Apparently one means of detecting WIMPs is to search for a photon ejected when one interacts with matter. If we don't know its mass or velocity and the weak interaction implies the absence of charge, why is a photon released?


2 Answers 2


The central idea is to detect the recoil of a nucleus caused by the interaction with a WIMP. That recoil can then have various physical effects which can be detected. In a scintillating material, that effect would be the emission of light. But it could be the apparition of bubbles in other type of detectors using a superheated vapour called… bubble chambers! There is also a setup using crystal at very low temperature where the recoil would induce detectable vibrations. So your question becomes two-fold: (1) what is a scintillating material? (2) How does the WIMP make the nucleus recoil. For the former, I'll leave you with the Wikipedia article. For the latter, the exact interaction between the WIMP and the nucleus is very model-dependent (there is an enormous zoology of Dark Matter models, to mention just that), so much so that experimentalists don't go into these details usually. They just assume the scattering is elastic, which is enough to compute the recoil of the nucleus for a given mass of the WIMP. Then they use astrophysical models to guess the distribution of Dark Matter in the vicinity of the Earth, predict an event rate, and then scale their detector accordingly. After collecting data from some time, they can go in reverse and estimate an upper bound on the density of WIMP.


You do not give a link for your assertion:

Apparently one means of detecting WIMPs is to search for a photon ejected when one interacts with matter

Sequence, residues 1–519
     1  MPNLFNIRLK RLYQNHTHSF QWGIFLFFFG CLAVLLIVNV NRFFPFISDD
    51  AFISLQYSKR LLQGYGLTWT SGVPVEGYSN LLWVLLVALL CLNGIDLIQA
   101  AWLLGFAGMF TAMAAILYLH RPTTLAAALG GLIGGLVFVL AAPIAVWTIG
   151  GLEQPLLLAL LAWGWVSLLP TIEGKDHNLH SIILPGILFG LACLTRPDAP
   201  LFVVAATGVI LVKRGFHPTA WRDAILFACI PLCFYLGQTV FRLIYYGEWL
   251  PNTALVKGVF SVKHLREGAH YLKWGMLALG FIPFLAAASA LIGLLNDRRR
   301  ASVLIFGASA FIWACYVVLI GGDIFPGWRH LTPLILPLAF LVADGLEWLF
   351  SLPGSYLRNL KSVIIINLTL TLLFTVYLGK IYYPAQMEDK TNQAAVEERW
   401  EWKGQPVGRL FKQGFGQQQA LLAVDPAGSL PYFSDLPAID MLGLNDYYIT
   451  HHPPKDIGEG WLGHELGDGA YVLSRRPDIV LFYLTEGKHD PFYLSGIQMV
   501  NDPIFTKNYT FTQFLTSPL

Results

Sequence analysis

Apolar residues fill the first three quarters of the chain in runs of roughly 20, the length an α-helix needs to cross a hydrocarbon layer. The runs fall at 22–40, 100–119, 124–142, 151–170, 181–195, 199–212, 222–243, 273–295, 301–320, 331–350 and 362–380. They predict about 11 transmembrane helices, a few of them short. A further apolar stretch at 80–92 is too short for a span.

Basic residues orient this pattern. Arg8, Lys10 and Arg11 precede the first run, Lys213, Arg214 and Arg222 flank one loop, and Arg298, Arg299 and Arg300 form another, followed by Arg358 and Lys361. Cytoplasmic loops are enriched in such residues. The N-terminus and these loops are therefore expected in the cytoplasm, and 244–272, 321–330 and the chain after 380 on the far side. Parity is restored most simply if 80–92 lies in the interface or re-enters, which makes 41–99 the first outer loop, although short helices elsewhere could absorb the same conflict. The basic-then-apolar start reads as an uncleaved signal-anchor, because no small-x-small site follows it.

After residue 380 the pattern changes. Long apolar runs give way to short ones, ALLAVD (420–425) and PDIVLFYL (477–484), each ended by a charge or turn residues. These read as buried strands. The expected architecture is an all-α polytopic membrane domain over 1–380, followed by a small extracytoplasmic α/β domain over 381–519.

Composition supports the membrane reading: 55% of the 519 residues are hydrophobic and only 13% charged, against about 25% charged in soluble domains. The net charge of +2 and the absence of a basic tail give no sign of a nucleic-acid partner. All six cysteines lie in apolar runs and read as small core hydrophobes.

In this paper for example:

Indirect Detection of Dark Matter with gamma rays

Indirect detection searches for the products of WIMP annihilation or decay. This is generally done through observations of gamma-ray photons or cosmic rays. Instruments such as the Fermi-LAT, H.E.S.S., MAGIC and VERITAS, combined with the future Cherenkov Telescope Array (CTA) will provide important and complementary constraints to other search techniques

It is obvious that the gamma rays will come from WIMP annihilations or decays, and it will be part of the research project to decide what type of weakly interacting particle and which theories can be constrained using the data.

This one:

We predict the shape and normalization of the component of the flux due to final state radiation by charged particles produced in WIMP annihilation events.

There are many ways of getting high energy photons. May be there is a WIMP-->gamma gamma, for example, similar to the Higgs decay except for a long living WIMP. It all depends on the model.

  • $\begingroup$ Is there experimental evidence for the emission of gamma rays from the annihilation or decay of near undetectable WIMPs or is this a generally accepted assertion? $\endgroup$ May 18, 2017 at 19:39
  • $\begingroup$ It is not an assertion, it comes from particular mathematical models, like GUTS or supersymmetry. The the reactions and decays are prescribed by the model , if it holds. As, up to now , we have no confirmation of a theoretical model beyond the standard model there is no experimental evidence. Just mathematics that allow decays into gamma rays. $\endgroup$
    – anna v
    May 19, 2017 at 3:22

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